Progressive Cavity Pumps:  Progressive Cavity (PC) pumps are another option at this pressure region of 300-500 psi.  These pumps use a long spiral-shaped auger that rotates inside an elastomeric stator and moves fluid progressively along the auger.  Slip can occur in a similar manner at the space between the rotating auger and the stator.

The good news with these pumps is that there is no real gap between the rotating and stationary components because the metal rotor can essentially make contact with the elastomeric stator.  Now slip occurs due to compression of the elastomeric element.  These pumps handle water-like viscosities much better than the rotary gear type, but suffer flow losses due to intake efficiency drops when the viscosity is high.

Reciprocating Triplex Plunger Pumps:  These pumps work in a completely different manner altogether by actually trapping material between a set of checking valves where it’s nearly impossible for fluid to migrate or slip back.  The problem here is that these pumps cannot handle higher viscosity fluids much above 3000-4000 cps. However, they are easily cleanable, but do not bear those certificates.  Improvements can be made to handle higher viscosity by using a feed pump to pressurize the inlet.  These pumps can accommodate really high pressures now in the 10,000-psi range.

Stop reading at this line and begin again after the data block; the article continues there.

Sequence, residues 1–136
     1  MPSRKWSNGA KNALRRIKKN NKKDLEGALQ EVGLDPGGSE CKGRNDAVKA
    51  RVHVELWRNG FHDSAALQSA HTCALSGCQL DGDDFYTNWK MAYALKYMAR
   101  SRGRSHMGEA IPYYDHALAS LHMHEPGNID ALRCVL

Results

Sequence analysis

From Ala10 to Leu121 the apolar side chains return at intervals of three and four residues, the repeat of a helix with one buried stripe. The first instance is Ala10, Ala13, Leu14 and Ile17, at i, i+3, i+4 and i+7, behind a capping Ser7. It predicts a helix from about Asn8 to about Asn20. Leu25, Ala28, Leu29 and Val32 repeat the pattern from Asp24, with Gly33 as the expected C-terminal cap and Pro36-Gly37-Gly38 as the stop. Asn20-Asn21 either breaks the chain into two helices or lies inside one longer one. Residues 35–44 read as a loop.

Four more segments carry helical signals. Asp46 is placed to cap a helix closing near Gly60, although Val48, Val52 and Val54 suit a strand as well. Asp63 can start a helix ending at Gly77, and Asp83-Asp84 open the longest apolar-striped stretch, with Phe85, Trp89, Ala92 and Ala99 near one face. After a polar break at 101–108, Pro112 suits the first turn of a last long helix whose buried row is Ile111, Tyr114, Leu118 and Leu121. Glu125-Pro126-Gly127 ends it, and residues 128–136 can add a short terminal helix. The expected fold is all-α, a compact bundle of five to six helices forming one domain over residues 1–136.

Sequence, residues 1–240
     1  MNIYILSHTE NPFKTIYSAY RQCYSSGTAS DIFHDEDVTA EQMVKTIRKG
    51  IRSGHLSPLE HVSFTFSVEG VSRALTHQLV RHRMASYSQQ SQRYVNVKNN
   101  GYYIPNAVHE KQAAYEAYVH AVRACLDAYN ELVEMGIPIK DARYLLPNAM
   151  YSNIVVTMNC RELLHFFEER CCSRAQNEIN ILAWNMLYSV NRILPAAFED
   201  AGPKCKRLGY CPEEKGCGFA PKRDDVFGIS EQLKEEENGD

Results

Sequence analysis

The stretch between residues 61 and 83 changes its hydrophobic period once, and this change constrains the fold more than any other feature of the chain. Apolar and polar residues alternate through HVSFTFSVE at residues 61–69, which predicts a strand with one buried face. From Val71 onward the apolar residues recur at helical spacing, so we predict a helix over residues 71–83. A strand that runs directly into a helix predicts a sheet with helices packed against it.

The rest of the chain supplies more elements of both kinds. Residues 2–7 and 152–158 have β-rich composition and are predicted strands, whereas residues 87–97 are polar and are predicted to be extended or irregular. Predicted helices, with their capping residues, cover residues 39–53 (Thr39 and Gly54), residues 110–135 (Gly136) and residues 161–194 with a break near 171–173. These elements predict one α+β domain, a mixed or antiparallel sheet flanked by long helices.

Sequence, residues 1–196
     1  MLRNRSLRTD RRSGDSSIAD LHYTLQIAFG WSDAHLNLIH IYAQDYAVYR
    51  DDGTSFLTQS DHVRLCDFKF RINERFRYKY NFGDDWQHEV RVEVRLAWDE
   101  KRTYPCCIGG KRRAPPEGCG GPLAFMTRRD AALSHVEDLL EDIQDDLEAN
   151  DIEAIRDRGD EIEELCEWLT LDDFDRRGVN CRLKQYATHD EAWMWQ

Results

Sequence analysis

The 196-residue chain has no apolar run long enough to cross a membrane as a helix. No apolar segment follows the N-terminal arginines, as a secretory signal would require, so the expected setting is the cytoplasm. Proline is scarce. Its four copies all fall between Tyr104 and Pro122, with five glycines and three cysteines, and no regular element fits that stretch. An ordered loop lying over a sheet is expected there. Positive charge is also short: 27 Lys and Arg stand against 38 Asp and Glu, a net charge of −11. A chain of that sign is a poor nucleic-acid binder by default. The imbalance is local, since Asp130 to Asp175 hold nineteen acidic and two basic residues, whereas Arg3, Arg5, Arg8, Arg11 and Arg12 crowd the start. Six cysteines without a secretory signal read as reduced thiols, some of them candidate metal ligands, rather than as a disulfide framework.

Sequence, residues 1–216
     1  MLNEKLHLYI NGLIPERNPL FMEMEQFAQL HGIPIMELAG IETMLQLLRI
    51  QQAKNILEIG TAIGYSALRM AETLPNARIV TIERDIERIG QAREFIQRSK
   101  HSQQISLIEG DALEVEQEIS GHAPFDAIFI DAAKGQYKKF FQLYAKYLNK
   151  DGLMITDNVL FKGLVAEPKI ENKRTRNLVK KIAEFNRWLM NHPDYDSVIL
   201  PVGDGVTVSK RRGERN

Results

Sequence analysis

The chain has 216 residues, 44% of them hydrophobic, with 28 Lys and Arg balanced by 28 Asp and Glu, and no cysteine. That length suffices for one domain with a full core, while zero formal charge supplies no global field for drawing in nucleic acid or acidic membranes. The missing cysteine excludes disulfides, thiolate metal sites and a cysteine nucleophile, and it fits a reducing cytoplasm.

All told, it’s not as simple as Googling positive displacement pumps to find what you want.  You’ll get 973,000 results ranging from storefronts for mini vane pumps to obscure images of homemade pumping systems.

With the Internet’s overabundance of information, it’s time to seek a connection with a trusted positive displacement pump supplier in GA.  We want to be yours – call our office today and our experts will be happy to assist you.

Recently, I took you through the workings of an internal gear pump. Today I’m going to guide you through the inner workings of an external gear pump.

How do They Work?

External gear pumps use two identical gears rotating against each other to drive fluid from the suction port to the discharge port. Each gear is supported by a shaft with bearings on both sides of the gear. Typically, all four bearings operate in the pumped liquid.

Because the gears are supported on both sides, external gear pumps are often used for high pressure applications. Usually, small external gear pumps operate at 1,750 or 3,450 rpm and larger versions operate at speeds up to 640 rpm.